From Zygmunt Dzieciolowski on openDemocracy:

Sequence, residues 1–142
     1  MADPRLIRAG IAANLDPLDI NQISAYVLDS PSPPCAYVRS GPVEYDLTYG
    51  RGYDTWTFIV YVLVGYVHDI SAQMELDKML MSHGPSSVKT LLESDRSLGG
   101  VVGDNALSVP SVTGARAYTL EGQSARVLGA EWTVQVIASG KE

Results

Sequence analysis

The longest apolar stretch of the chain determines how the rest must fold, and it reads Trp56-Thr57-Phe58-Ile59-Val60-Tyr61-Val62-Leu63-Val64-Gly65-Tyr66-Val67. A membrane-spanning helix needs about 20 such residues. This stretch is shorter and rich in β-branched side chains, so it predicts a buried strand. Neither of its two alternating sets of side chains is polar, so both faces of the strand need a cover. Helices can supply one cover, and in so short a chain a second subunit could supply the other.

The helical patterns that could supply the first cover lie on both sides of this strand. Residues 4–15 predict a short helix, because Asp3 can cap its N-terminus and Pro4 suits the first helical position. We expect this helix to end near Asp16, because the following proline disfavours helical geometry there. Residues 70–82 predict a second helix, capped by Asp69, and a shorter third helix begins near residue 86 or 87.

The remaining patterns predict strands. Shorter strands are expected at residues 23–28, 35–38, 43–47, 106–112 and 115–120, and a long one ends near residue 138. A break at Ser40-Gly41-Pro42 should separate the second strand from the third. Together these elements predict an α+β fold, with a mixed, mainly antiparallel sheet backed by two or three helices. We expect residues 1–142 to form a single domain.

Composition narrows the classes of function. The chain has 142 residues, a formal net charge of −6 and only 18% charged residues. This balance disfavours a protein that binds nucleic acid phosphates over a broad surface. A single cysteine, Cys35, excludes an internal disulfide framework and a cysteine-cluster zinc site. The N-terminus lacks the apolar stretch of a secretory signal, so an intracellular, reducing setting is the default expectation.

This speculation notwithstanding, it was clear from the beginning that the solution to the Russian presidential puzzle would have to meet some basic conditions. The huge concentration of powers in the Kremlin’s top job meant that it could not be allowed to fall into the hands of a dangerous reformer: somebody who might inaugurate changes that led to a redistribution of power and wealth between oligarchic clans and structures. The late-18th-century precedent involving the Emperor Paul’s efforts to depart from the legacy of his mother Catherine II was a warning to be avoided. Even worse, the merest prospect that a successor to Putin might initiate some kind of democratic thaw that could pave the way for the early release from prison of the ex-oligarch Mikhail Khodorkovsky was enough to cause Kremlin bureaucrats sleepless nights.